So who starts the final games? I’m all for the Flames giving Backstrom whatever he wants at this point – he’s had a great career that went off the rails at the end, but it’d be really nice to see him go out on his own terms, assuming this is it.

Finding the missing piece

Johnny Gaudreau and Sean Monahan work well together. They’re both tremendous talents and they’re coming up through the NHL together, why wouldn’t they? Gaudreau has 28 goals on the season; Monahan, 26. Time is running out, but it’s still very, very probable they both finish with at least 30 each.

I’m all for splitting them up the rest of this season, if only to see what happens. It’s not like these games mean anything any longer, so now’s the time to play around.

But that’s neither here nor there. And it makes sense to keep them together, too, if only to try to find who fits best with them. 

It was Jiri Hudler. But then Hudler had a horrific start to his season, and it wasn’t him anymore; then he started resembling his old self, but then he had to be traded, and that was that. The Flames have been trying to fill that hole ever since, only they don’t have the personnel to do it.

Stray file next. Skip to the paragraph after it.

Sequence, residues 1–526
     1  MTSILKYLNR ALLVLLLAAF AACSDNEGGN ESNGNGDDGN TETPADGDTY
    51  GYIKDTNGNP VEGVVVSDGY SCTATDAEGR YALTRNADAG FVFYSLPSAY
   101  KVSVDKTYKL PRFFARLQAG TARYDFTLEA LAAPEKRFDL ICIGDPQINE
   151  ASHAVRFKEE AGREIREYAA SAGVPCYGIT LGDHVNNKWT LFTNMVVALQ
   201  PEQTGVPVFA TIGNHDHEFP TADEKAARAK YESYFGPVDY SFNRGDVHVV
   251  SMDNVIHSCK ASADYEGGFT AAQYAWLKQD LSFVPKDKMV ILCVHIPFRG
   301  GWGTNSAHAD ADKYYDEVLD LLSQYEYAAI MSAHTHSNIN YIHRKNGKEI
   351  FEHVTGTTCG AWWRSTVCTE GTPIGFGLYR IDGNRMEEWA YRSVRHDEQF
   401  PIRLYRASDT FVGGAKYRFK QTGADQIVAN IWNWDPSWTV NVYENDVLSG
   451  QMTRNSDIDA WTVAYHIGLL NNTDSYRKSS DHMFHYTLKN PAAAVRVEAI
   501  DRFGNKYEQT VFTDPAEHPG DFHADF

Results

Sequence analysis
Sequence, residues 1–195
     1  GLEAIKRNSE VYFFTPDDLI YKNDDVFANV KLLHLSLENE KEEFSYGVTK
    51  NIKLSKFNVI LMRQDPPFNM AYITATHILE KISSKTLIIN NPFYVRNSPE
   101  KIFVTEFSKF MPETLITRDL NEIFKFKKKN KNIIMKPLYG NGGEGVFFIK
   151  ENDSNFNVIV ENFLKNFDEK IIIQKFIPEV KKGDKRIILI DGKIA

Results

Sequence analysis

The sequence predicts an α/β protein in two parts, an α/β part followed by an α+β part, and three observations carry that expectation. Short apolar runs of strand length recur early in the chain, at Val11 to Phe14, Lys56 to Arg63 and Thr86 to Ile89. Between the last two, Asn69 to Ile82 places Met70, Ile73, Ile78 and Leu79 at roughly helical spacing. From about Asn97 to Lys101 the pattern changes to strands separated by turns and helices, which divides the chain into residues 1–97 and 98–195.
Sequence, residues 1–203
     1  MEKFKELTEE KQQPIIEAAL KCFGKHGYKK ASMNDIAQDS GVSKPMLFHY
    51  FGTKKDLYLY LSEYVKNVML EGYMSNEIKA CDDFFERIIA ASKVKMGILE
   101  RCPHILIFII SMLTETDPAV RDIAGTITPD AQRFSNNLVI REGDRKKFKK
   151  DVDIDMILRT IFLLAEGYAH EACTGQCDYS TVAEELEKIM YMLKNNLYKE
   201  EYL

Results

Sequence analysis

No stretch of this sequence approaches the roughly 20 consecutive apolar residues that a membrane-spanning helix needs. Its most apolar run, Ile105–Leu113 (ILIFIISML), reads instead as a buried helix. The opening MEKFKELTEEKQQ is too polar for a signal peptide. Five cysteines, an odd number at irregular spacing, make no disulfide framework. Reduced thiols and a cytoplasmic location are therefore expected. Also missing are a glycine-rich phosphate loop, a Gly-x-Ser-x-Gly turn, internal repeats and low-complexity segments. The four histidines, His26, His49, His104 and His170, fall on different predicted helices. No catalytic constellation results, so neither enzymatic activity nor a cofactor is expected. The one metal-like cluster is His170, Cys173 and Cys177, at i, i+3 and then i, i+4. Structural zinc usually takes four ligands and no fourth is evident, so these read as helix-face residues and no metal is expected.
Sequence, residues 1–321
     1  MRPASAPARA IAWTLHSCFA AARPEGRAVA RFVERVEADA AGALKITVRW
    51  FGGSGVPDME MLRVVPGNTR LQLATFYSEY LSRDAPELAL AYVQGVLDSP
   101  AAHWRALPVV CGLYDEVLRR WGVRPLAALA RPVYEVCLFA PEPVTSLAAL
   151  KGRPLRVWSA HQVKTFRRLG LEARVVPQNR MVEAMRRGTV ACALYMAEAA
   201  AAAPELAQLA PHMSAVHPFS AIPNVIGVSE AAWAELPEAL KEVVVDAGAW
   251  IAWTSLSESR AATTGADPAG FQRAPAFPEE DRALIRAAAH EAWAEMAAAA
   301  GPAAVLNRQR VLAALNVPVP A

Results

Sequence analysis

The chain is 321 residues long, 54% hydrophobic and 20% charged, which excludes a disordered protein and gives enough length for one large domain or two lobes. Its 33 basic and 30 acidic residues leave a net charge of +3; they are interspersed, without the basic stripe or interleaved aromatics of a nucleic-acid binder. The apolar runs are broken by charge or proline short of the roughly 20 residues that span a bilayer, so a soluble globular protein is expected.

Micheal Ferland has been getting chances on the top line as of late, and he has absolutely nothing to show for it. The best case scenario appears to be he can keep up with Gaudreau and Monahan, and that’s only if everything goes perfectly. He isn’t contributing. He hasn’t scored a single point since February.